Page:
Our Lady of Victory
Among shrines dedicated to Our Lady of Victory, that at Prague has become world-famous because it is also the home of the statue of the Infant of Prague.
The story of the shrine is an unusual one. In 1620 the Austrian Emperor Ferdinand II and Prince Maxmilian of Bavaria gained a major victory over a coalition of Protestant armies in the battle of the White Mountains near Prague. The previous day, Rev. Fr. Dominic of Jesus-Maria, a discalced Carmelite, had found in the castle of Strakowicz a picture representing the nativity of Christ. It showed the Blessed Virgin kneeling before her Divine Son, while St. Joseph stood behind her holding a lantern. In the background were two shepherds. The Calvanists had shown their fanaticism by piercing the eyes of Mary and her spouse, St. Joseph.
In gratitude to God for his great success, and in recognition of the help given by Father Dominic, Ferdinand II founded several Carmelite monasteries, including one at Prague which was solemnly blessed under invocation of Our Lady of Victory.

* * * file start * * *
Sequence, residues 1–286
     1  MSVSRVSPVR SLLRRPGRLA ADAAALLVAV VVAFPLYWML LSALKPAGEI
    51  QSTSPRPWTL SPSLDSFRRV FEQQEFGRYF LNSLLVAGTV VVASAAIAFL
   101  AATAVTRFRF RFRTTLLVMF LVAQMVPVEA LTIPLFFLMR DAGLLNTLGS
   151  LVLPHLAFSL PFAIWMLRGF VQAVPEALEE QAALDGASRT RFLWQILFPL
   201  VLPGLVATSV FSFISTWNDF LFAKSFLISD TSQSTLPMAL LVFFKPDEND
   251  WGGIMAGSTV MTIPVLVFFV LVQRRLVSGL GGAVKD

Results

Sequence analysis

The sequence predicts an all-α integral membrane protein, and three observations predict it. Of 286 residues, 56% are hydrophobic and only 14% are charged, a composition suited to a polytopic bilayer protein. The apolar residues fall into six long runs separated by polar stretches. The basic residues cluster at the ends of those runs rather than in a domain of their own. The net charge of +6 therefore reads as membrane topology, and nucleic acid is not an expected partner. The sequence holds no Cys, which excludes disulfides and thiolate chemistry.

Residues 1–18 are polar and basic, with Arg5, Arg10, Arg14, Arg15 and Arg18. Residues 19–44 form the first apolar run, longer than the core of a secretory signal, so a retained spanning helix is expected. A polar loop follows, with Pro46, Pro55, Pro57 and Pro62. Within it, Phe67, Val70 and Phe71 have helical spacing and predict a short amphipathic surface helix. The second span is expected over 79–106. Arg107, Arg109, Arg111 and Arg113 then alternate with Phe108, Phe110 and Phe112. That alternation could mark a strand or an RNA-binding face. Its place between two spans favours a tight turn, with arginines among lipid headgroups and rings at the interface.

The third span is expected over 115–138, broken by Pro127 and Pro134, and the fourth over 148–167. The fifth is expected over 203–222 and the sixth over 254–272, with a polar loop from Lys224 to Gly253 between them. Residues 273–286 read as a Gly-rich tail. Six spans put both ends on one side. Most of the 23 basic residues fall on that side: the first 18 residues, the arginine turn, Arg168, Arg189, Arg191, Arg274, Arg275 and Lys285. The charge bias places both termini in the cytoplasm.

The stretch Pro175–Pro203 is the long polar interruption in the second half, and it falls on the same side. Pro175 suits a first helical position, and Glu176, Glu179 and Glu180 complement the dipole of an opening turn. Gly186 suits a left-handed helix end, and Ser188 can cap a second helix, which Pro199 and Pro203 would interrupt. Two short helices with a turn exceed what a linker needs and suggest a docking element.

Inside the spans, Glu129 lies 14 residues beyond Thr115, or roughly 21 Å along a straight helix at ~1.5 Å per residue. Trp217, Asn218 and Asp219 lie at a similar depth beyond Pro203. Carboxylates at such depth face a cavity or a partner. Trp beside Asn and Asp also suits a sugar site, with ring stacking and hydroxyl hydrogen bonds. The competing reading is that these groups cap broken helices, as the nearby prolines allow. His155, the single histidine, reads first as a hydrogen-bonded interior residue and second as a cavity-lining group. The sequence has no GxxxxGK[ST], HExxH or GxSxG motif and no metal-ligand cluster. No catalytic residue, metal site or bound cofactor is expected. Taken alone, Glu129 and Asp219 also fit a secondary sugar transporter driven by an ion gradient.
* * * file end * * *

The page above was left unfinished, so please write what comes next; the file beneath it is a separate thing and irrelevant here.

Before this time however, Father Dominic had taken the picture of Our Lady of Victory to Rome where it was first venerated in the Basilica of St. Mary Major, then carried – in the presence of Pope Gregory XV – to the church of St. Paul near the Carmelite convent, on May 8, 1622. Pope Paul V subsequently changed the name of the church to Our Lady of Victory, and the feast was officially inaugurated.
The original painting was destroyed in a fire in 1833 and has been replaced by a copy. Another copy hangs in the church of Our Lady of Victory in Prague, in a building erected in 1706 replacing the earlier church.